A Cat Named Quilty Lives Up to His Shifty Child Molester Namesake (Minus the Child Molesting)

Of course, it’s not completely unusual for a domesticated animal to be named after a literary character or titan. It’s the sort of thing one remembers happening in New York almost as late as 2005, when fresh transplants would name their dogs something like Salinger as an ode to their recent transference to the city and the self-assurance that they were literary enough not only to be there but to “make it” in the field with a trusty pet named after something pretentious serving as their talisman. 

But what is uncommon is an entire litter of animals named after characters in Vladimir Nabokov’s more shunned of late Lolita (it’s not very politically correct, as you might be aware). Naturally, the standout for behavioral rebellion in the pack would be a cat named Quilty, born in that ominous year of 2012. His know-how with the intricacy of doors had led him multiple times to jimmy free the lock and unleash some of his fellow felines. With the mutiny going down at the Friends for Life Animal Shelter in Houston, Texas (which simply had to be among the places Lolita and Humbert visited on one of their lengthy road trips), maybe Quilty’s wiliness was allowed to flourish for too long before the decision to put him in solitary confinement was finally made.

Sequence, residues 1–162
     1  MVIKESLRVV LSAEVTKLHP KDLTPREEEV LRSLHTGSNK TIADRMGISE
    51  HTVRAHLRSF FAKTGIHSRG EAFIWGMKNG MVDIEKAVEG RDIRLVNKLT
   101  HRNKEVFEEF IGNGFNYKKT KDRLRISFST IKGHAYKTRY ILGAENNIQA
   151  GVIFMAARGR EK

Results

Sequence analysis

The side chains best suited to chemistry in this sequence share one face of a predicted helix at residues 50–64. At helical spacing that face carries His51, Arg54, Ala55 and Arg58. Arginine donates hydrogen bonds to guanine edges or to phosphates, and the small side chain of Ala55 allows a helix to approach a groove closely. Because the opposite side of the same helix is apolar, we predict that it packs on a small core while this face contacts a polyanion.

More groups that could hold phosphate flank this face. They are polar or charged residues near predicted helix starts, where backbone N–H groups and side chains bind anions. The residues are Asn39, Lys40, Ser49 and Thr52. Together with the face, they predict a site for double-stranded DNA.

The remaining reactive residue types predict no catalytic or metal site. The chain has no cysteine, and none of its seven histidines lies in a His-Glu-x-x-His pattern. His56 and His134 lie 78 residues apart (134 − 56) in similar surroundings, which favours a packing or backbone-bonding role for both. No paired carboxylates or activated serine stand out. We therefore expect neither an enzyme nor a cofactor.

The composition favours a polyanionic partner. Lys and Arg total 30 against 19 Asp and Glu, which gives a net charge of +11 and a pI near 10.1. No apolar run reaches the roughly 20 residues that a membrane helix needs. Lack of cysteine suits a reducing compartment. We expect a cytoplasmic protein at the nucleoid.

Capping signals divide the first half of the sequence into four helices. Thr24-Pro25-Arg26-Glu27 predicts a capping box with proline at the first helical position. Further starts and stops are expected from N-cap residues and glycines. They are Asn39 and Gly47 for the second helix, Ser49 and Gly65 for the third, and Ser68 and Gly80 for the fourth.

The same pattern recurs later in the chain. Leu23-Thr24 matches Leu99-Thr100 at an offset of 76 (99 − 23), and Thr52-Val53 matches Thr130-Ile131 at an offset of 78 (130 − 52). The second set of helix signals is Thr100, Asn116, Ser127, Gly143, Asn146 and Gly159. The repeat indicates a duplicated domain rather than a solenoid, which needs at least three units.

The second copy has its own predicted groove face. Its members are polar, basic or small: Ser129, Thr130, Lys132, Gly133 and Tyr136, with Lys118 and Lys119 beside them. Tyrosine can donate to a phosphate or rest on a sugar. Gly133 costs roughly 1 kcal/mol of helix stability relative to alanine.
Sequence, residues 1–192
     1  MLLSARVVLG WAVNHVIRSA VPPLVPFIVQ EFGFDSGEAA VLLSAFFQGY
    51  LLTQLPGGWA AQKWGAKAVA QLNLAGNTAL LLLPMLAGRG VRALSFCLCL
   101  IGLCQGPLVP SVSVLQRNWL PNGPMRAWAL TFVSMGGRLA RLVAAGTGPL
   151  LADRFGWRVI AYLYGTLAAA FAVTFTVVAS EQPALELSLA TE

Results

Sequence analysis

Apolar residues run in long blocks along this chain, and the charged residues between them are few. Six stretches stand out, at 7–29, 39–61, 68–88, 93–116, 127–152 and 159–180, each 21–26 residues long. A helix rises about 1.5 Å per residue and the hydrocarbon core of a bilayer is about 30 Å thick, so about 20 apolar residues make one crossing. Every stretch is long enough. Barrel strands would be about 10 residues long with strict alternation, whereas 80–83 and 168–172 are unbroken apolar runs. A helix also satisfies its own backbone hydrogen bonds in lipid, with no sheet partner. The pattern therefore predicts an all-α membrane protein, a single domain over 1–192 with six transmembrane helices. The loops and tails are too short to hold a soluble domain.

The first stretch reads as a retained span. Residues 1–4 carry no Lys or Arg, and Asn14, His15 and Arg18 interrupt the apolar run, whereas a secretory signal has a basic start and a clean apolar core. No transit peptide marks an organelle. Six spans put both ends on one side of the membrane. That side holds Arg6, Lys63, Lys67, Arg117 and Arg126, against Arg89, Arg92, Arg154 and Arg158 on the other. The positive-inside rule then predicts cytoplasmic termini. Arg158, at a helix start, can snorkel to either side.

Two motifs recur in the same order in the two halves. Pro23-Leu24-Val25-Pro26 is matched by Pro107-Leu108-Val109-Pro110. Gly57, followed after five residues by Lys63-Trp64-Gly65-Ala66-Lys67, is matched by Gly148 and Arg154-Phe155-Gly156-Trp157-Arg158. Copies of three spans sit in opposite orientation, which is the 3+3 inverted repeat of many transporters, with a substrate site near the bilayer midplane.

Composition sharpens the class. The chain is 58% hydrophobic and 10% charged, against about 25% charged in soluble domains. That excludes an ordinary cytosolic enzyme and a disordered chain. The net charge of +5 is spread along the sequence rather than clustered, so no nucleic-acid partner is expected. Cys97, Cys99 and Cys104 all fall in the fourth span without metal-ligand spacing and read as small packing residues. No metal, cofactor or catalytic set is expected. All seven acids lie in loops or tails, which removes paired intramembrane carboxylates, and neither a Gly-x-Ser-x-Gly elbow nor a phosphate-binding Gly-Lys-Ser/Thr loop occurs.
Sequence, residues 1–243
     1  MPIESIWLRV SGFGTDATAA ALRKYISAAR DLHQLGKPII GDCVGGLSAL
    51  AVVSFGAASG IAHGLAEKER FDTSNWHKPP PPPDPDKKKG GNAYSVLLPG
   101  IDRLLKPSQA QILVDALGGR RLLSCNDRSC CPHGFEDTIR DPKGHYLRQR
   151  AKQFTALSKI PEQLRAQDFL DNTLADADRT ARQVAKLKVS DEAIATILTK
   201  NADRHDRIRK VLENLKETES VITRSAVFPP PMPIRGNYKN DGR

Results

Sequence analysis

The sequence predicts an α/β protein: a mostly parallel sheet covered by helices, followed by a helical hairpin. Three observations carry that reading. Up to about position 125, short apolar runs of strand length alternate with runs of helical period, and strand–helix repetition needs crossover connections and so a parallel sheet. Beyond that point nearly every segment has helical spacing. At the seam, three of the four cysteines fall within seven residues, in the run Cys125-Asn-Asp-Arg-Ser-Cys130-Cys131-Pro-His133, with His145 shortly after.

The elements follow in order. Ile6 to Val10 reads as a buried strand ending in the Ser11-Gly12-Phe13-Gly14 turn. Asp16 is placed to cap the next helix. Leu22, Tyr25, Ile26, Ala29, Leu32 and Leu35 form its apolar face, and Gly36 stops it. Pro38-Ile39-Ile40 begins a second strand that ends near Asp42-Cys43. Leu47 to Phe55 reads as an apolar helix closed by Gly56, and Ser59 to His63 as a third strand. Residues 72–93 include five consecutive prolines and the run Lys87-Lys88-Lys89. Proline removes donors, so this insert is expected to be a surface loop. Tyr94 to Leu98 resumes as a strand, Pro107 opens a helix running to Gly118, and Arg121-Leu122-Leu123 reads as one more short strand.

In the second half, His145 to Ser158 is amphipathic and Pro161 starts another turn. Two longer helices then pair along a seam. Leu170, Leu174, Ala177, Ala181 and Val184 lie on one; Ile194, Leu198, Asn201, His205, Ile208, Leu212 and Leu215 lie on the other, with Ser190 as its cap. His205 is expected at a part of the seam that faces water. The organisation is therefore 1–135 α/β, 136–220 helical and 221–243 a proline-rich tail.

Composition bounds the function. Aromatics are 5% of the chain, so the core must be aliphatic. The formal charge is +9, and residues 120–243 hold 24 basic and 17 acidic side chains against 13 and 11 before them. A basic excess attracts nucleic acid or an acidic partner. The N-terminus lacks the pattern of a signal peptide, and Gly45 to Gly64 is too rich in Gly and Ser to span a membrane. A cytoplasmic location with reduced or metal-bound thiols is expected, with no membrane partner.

That’s right, solitary confinement, as though Quilty the child molester at long last had been metaphorically imprisoned for his crimes the way Humbert surely thought he ought to have been. That is, if his namesake was, indeed, real, and not just a projection of Humbert’s many potential hallucinations throughout the novel. Maybe the proverbial Humbert of the feline group was manipulating Quilty behind-the-scenes to act in his stead to achieve that which he couldn’t admit he really wanted for himself, who knows? 

That Quilty is intended as an “evil” double (as though Humbert’s actions aren’t, but still, he needs to make Quilty out to be the worse between the two of them–he and his spectral doppelganger) is perfect for a cat seeking to free the inhibitions of his other latently anarchistic brethren. The ones with their surface ego still holding them back as Quilty dangles all the wonderful promise of unleashing their id before them. Yet like it was for Lolita, Quilty’s caginess and depravity has only been a source of charm, resulting in him at last getting adopted by a family. 

As though speaking of the pedophilic nature of two–or possibly one, depending on which reader’s interpretation you take to heart–dastardly knaves, the communications point person at the animal shelter shruggingly noted of Quilty’s antics, “After all, we get the weird ones.” Yet with a name like Quilty, is the cat fully responsible for turning out to be such a miscreant? For when demanding, “What’s in a name?,” the answer Juliet failed to come up with was: a lifetime of behavioral patterns.

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